Ivory Bill - Second Reading

Part of the debate – in the House of Lords at 7:05 pm on 17th July 2018.

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Photo of Lord Gardiner of Kimble Lord Gardiner of Kimble The Parliamentary Under-Secretary of State for Environment, Food and Rural Affairs 7:05 pm, 17th July 2018

Yes, I understand the noble Baroness’s point. I think that I have explained the position that we are in, but I will of course meet with her.

The noble Earl, Lord Kinnoull, referred to museums. Accredited museums will be exempt from the ban. This will allow them to purchase, loan or exchange ivory items. I am also happy to meet him to discuss insurance.

A number of noble Lords mentioned funding, including the noble Lord, Lord Grantchester. We wholly believe that the regulator and law enforcement agencies need sufficient funding to tackle wildlife crime. Defra will consider longer-term funding as part of the normal spending review process over the coming year. The noble Lord, Lord Clement-Jones, asked whether the agencies have sufficient powers under the Customs and Excise Act and the Proceeds of Crime Act. The Bill does not change the scope or reach of the legislation conferring powers for the purpose of customs checks on international trade and divesting criminals of the proceeds of crime. These powers are available, where applicable, against unlawful dealings in ivory items.

My noble friend Lord Lingfield mentioned the process for rarest and most important items—RMI, as I will describe it. We are working with experts at a number of institutions and have no expectation that this process will take a long time. My noble friend Lord Carrington of Fulham expressed concern about high registration fees. We do not intend these to be on anything other than a cost-recovery basis. My noble friends Lord Crathorne and Lord Carrington referred to museum quality. Yes, I agree that it is subjective but we have been working to get the advice of the country’s foremost experts, so I hope my noble friend Lord Cormack and others will see that we are sincerely trying to ensure that all these items are within the exemption, as they should be.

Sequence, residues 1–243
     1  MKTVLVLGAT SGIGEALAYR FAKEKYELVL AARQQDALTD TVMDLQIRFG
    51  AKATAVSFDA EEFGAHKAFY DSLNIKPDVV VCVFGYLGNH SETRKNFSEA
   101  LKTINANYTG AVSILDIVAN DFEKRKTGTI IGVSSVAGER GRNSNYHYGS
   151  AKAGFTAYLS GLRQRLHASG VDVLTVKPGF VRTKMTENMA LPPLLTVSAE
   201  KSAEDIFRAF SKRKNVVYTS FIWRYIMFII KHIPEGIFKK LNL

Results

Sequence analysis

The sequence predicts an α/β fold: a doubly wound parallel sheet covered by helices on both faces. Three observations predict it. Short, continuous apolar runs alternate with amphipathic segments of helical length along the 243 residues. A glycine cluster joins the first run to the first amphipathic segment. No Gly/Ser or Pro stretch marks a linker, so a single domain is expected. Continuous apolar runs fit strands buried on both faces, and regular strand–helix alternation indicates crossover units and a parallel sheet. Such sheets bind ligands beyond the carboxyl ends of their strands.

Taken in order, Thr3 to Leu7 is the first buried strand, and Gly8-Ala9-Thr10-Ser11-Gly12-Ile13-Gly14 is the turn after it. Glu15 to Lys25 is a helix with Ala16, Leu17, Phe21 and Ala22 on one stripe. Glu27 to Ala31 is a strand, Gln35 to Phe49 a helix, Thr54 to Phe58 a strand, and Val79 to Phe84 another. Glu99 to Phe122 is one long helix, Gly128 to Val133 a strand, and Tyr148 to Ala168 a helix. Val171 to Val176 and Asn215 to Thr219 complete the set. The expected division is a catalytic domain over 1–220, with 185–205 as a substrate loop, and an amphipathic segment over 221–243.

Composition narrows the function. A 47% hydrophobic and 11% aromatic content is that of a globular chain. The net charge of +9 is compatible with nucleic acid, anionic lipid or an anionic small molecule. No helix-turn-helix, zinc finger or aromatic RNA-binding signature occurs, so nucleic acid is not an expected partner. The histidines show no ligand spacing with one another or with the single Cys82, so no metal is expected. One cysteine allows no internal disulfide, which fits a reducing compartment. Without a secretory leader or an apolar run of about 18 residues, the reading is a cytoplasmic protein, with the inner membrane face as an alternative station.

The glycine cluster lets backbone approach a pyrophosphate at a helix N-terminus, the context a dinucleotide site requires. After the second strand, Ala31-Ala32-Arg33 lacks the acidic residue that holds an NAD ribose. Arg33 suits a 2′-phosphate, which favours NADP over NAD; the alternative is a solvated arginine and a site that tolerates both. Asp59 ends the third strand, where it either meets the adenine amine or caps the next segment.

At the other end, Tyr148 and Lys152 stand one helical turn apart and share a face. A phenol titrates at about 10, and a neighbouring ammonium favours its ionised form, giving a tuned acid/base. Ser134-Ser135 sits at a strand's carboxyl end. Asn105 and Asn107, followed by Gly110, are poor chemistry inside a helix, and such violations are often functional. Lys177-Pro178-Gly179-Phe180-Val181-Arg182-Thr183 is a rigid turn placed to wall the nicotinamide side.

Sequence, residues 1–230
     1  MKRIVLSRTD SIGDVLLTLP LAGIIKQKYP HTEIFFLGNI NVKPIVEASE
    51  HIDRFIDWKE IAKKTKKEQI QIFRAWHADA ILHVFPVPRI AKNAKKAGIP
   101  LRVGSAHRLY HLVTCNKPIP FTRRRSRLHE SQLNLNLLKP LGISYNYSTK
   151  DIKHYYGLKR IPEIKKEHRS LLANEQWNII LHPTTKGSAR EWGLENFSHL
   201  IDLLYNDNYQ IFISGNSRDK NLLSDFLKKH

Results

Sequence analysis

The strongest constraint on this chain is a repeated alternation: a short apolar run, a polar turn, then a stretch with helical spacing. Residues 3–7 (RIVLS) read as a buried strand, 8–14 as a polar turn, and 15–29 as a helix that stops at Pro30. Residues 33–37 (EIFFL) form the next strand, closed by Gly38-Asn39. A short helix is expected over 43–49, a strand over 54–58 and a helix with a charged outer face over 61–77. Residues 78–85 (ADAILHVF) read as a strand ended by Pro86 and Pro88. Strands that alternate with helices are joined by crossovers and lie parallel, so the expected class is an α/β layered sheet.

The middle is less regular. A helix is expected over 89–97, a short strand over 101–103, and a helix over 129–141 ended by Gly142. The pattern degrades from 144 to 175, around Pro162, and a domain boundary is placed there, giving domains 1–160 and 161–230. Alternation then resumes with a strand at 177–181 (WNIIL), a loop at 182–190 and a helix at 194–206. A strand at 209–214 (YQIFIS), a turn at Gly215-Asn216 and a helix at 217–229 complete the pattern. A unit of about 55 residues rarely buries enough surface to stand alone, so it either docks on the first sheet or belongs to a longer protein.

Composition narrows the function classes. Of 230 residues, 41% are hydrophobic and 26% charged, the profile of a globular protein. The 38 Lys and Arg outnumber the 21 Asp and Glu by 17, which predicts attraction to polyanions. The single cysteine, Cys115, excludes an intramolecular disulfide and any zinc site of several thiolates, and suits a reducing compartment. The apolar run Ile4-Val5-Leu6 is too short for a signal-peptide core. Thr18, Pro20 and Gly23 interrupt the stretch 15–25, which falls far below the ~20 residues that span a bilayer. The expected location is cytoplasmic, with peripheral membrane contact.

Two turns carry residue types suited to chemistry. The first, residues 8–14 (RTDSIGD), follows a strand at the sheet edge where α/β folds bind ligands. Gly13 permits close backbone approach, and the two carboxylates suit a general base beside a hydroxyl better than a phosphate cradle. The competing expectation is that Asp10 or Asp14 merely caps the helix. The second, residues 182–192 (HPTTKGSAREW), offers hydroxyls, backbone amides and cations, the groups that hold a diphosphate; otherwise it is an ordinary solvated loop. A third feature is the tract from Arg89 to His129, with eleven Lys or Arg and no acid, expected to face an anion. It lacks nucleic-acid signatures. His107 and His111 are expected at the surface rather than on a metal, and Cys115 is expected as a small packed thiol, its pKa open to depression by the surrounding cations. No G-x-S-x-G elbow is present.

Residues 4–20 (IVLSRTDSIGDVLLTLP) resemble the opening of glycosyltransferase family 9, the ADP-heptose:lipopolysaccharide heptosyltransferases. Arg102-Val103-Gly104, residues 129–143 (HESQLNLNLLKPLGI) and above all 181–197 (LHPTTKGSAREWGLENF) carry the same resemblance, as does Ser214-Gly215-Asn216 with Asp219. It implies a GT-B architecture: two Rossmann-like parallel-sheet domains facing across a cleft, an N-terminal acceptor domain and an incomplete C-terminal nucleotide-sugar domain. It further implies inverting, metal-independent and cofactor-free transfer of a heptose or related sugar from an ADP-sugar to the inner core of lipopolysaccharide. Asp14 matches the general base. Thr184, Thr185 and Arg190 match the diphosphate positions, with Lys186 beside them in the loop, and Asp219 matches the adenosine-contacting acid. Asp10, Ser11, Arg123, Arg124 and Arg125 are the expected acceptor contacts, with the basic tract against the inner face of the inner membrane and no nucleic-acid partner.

My noble friends Lord Attlee and Lord Carrington asked about inheritance tax and my noble friend Lady Rawlings referred to other taxation. Once the ban comes into force, prohibited items will be subject to nil value for inheritance tax purposes. Items subject to exemptions will still have a market value and may therefore be subject to inheritance tax. Indeed, we are aware that there may be a loss to the Exchequer, but we believe that the objects of this legislation far outweigh that loss.

A number of points were made about enforcement powers. I would be very happy to meet my noble friend Lord Inglewood, because there are points that I would like to discuss with him. On more spending on conservation, I have already mentioned it in another regard, but my noble friend Lady Chalker and the noble Lord, Lord St John of Bletso, raised this. We are doing more, but I will write on that.

I have sought to refer to all questions, but I will write more fully. My noble friend the Whip will not be pleased with me, but I am most grateful for all contributions. I will study Hansard very carefully and will write fully, but at this stage I ask noble Lords to give the Bill a Second Reading.

Bill read a second time and committed to a Committee of the Whole House.

House adjourned at 7.27 pm.